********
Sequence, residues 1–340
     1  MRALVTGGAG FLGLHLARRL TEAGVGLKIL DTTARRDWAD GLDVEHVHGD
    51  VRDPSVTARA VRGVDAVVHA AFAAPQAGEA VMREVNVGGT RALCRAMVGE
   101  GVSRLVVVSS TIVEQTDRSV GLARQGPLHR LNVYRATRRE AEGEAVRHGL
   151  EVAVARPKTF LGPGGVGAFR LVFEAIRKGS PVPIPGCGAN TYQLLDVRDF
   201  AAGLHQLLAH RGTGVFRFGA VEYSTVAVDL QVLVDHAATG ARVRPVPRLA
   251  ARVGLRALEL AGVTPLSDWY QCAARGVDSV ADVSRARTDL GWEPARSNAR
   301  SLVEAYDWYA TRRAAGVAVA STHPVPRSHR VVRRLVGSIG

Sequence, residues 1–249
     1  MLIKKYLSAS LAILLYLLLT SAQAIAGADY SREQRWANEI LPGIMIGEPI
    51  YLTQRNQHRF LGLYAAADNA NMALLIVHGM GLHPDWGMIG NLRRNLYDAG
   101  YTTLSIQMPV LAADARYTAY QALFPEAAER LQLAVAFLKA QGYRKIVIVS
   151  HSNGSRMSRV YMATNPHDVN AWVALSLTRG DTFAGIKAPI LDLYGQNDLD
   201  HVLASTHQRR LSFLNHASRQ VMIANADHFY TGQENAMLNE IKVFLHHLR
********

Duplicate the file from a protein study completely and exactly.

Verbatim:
Sequence, residues 1–340
     1  MRALVTGGAG FLGLHLARRL TEAGVGLKIL DTTARRDWAD GLDVEHVHGD
    51  VRDPSVTARA VRGVDAVVHA AFAAPQAGEA VMREVNVGGT RALCRAMVGE
   101  GVSRLVVVSS TIVEQTDRSV GLARQGPLHR LNVYRATRRE AEGEAVRHGL
   151  EVAVARPKTF LGPGGVGAFR LVFEAIRKGS PVPIPGCGAN TYQLLDVRDF
   201  AAGLHQLLAH RGTGVFRFGA VEYSTVAVDL QVLVDHAATG ARVRPVPRLA
   251  ARVGLRALEL AGVTPLSDWY QCAARGVDSV ADVSRARTDL GWEPARSNAR
   301  SLVEAYDWYA TRRAAGVAVA STHPVPRSHR VVRRLVGSIG

Sequence, residues 1–249
     1  MLIKKYLSAS LAILLYLLLT SAQAIAGADY SREQRWANEI LPGIMIGEPI
    51  YLTQRNQHRF LGLYAAADNA NMALLIVHGM GLHPDWGMIG NLRRNLYDAG
   101  YTTLSIQMPV LAADARYTAY QALFPEAAER LQLAVAFLKA QGYRKIVIVS
   151  HSNGSRMSRV YMATNPHDVN AWVALSLTRG DTFAGIKAPI LDLYGQNDLD
   201  HVLASTHQRR LSFLNHASRQ VMIANADHFY TGQENAMLNE IKVFLHHLR